Academic journal article Anglican and Episcopal History

God's Arbiters: Americans and the Philippines, 1898-1902

Academic journal article Anglican and Episcopal History

God's Arbiters: Americans and the Philippines, 1898-1902

Article excerpt

God's Arbiters: Americans and the Philippines, 1898-1902. By Susan K. Harris. (New York: Oxford University Press, 2011, Pp. xii, 257. $35.00.)

From early Puritan settlements to the present day, many Americans have believed that God has ordained the nation for a special purpose. The exact nature of the purpose has shifted over time, as have the means used to pursue it. America's acquisition of the Philippines in 1898-1902 sparked heated arguments about these questions. God's Arbiters provides an excellent overview and analysis of these debates.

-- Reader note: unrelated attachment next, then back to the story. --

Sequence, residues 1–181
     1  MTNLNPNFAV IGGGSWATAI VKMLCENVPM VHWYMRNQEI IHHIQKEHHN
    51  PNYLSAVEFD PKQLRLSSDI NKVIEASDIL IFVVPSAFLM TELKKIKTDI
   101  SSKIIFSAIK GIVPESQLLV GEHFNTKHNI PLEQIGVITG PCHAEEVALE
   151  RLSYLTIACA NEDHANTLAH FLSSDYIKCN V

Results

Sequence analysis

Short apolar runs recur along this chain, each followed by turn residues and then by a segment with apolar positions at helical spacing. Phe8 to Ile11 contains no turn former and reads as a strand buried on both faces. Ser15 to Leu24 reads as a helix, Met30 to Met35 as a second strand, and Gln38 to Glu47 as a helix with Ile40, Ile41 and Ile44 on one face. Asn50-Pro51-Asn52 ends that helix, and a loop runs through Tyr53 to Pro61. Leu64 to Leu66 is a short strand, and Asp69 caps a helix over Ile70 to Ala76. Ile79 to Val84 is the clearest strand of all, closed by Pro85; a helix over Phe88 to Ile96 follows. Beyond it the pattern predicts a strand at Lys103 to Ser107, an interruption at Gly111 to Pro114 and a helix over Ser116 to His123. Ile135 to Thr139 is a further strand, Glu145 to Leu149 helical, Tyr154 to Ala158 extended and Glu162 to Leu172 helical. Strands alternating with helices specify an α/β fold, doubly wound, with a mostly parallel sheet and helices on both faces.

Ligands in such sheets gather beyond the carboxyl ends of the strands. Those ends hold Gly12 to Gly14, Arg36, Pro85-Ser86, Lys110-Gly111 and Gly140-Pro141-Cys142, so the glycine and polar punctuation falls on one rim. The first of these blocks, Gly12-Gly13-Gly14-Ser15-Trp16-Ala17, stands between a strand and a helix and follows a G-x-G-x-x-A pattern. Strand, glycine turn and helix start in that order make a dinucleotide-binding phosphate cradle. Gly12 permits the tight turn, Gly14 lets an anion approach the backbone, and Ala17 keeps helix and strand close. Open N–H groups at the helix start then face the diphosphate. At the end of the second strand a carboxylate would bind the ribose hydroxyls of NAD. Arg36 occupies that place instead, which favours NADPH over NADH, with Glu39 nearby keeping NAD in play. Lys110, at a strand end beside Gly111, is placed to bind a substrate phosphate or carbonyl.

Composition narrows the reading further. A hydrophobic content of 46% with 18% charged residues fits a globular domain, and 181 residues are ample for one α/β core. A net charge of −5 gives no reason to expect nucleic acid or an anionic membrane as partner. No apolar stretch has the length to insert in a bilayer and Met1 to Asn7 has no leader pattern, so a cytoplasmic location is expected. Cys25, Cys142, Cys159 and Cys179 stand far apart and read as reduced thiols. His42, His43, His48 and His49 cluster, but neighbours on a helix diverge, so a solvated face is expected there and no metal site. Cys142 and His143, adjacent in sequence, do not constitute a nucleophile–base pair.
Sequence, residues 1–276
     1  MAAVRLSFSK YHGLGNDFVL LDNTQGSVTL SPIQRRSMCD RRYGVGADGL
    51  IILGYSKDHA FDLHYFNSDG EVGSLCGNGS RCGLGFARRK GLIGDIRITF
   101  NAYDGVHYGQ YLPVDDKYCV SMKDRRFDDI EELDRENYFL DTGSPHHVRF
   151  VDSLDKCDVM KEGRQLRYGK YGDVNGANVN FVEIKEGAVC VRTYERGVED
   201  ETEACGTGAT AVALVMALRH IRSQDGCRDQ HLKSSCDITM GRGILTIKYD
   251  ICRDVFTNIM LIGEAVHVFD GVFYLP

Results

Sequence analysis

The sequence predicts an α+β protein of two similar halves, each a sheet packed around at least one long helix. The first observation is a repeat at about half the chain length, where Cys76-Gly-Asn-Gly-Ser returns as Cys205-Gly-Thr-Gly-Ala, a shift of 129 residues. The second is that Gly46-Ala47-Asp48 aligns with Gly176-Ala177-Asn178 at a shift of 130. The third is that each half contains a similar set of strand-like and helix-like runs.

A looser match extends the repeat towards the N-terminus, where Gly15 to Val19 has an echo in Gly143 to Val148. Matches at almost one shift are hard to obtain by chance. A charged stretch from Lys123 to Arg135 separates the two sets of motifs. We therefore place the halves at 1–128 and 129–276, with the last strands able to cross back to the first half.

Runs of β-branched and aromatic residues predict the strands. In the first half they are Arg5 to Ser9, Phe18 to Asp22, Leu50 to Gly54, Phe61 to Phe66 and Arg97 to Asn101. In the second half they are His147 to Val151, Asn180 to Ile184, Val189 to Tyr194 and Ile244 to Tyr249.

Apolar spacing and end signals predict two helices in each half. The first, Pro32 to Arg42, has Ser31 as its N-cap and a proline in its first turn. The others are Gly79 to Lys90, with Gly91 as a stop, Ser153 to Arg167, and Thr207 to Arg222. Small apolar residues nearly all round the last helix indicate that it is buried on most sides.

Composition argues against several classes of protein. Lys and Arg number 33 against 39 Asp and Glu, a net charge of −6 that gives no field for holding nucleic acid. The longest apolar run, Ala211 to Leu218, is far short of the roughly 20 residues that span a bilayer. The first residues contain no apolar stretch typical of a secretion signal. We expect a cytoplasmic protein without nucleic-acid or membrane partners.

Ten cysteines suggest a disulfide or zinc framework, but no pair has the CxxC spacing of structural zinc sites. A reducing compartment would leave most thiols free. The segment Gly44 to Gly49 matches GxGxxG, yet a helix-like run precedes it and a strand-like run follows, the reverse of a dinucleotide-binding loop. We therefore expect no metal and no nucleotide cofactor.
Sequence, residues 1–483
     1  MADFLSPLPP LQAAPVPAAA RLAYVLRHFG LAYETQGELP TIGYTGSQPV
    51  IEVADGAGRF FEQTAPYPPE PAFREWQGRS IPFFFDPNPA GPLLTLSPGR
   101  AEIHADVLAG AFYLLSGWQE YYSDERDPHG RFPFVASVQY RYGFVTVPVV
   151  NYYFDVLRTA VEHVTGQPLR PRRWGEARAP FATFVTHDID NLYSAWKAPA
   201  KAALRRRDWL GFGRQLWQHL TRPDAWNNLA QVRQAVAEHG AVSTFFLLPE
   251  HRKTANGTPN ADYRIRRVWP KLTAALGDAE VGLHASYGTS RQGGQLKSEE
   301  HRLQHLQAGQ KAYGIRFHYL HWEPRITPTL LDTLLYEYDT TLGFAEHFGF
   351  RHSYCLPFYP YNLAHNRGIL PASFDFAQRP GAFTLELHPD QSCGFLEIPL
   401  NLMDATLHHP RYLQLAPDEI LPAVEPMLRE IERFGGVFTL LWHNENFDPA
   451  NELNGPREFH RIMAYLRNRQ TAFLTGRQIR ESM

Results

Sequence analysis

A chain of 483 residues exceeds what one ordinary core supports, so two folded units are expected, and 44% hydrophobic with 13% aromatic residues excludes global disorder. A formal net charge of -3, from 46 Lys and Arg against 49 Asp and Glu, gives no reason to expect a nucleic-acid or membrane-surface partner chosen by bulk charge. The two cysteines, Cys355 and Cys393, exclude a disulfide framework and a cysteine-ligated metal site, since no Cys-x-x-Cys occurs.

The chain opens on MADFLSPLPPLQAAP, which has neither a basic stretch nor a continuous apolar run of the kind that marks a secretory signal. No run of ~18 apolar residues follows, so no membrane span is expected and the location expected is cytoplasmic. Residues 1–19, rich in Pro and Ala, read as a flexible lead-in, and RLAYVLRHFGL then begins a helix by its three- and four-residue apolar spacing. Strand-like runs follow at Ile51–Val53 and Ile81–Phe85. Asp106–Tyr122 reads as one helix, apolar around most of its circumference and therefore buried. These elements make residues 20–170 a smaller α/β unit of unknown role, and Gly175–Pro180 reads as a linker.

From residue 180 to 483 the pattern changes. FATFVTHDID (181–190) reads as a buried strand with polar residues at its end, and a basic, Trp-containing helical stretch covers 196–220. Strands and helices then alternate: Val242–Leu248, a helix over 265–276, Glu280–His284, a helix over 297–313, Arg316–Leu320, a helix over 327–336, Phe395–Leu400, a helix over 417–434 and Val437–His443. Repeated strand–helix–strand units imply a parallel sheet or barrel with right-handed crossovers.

Susan K. Harris is perhaps best known as a Mark Twain scholar, so it is not surprising that Samuel Clemens plays a central role in the book. Twain is particularly relevant for this study as his extensive international travel in the 1890s led him to renounce his earlier imperialist views and to become a vocal critic of American involvement in the Philippines. But Harris goes well beyond Twain and provides a careful reading of a range of novels, textbooks, poems, political speeches, and cartoons.

In the book's opening chapters, Harris shows that there was widespread agreement among American civic leaders that the United States was great because it was comprised of white Protestants who embraced capitalism, liberty, and democracy. American imperialists such as President William McKinley and Senator Albert Beveridge believed that the United States had an obligation to spread these values to other nations. Anti-imperialists, far from respecting indigenous cultures, argued that attempting to promote western virtues to a brown-skinned and Roman Catholic people was a fool's errand. …

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